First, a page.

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  5. "Perché lui non tira su i pan…

"Perché lui non tira su i pantaloni?"

Translation:Why doesn't he pull up his pants?

February 18, 2013



Hilarious! I'm glad we're learning these practical phrases.

Reminds me of when I recently learned that tiramisu = tira mi su = pick me up. My mind was blown.


My mind is blown too. I always thought it odd that an Italian dessert had such a Japanese-sounding name. TIL.


Isn't tiramisu made out of coffee as well? And coffee has caffeine in it, which perks you up. Weird.


well..that's the point! That's why it's called tiramisu! :)


Until today, I thought it may "Tear me apart". It seemed to make sense to me at the time.


as well as cioccolato do.


Love it...just like that, an easy mnemonic for remembering 3 italian words - Tira mi su


I know! You know duolingo acually made a typo? Instead of putting not it said n't. And it said I got it wrong.


It wasn't a typo, yoi were supposed to write "Why doesn't he..." and you probably wrote "why does he n't"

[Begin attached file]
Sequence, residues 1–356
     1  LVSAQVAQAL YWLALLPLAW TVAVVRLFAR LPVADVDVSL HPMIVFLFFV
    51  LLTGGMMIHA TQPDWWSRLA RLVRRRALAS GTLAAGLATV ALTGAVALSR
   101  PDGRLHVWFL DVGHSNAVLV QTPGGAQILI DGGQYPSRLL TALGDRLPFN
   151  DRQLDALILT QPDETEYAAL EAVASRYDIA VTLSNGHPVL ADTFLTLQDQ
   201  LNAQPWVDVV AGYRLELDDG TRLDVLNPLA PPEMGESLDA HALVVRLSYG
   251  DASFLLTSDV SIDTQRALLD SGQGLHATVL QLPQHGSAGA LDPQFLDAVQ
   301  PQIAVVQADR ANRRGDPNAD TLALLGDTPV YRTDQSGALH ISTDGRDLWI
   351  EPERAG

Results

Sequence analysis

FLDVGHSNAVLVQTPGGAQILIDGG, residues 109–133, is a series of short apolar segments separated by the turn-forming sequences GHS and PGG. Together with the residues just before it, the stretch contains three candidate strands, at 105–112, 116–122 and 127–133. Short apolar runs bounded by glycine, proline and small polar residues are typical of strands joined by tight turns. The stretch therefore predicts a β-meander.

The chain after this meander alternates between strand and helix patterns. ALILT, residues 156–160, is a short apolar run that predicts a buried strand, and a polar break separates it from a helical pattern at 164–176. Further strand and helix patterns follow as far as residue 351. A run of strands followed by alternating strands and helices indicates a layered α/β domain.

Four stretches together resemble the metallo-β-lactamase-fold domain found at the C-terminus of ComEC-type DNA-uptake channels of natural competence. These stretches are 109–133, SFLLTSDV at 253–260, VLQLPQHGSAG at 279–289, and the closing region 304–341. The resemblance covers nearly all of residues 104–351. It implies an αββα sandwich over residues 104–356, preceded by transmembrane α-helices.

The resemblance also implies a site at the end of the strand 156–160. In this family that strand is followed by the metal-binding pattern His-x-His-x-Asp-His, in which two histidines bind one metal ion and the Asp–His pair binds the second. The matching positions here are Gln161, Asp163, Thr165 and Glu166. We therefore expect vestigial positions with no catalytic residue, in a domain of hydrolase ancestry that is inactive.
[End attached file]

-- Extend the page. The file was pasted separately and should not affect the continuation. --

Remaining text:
It was not a typo by me... cuz it was 1 of thoz problemz where u click the bubble blocks. So I wrote “Why does he n’t.” And I got it right, but duolingo pointed out that I had a typo.


it's in another sentence--"excuse the grandfather, he's old" ;)


For a moment there I was afraid "sagging" had caught on with Italian youth -_-


Why isn't it sui instead of su i

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Because here "su" isn't a preposition, but an adverb (opposite of "giù"), so it isn't modified. While prepositions introduce phrases (sui pantaloni = on the pants), adverbs modify verbs (tirare su = pull up).


Thank you for that explanation; it helped me understand why translating it to the English idiom 'he puts on his pants' is wrong. Could you answer two follow up questions for me?

(1) is this true?
he puts on his pants = lui mette suoi pantaloni (preposition 'su' not required because verb mettere is being used as a transitive verb that takes a direct object ...)

(2) would that be a case where we can omit the possessive preposition suoi? (#2 in link below)
he puts on his pants = lui mette i pantaloni

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Yes, that's correct, except that you need the article in 1) too, "lui mette i suoi pantaloni". As I wrote below, making the possessive explicit could imply that they're someone else's pants.


Isn't the reflexive needed here? Lui si mette i suoi pantaloni.


Along the same lines, I remember my landlady in Bologna where I was studying for a month using the term "qua giu' which I wasn't familiar with. She was referring to where breakfast would be served - essentially "downstairs" vs "qua su" meaning "upstairs". So yes, they're adverbs.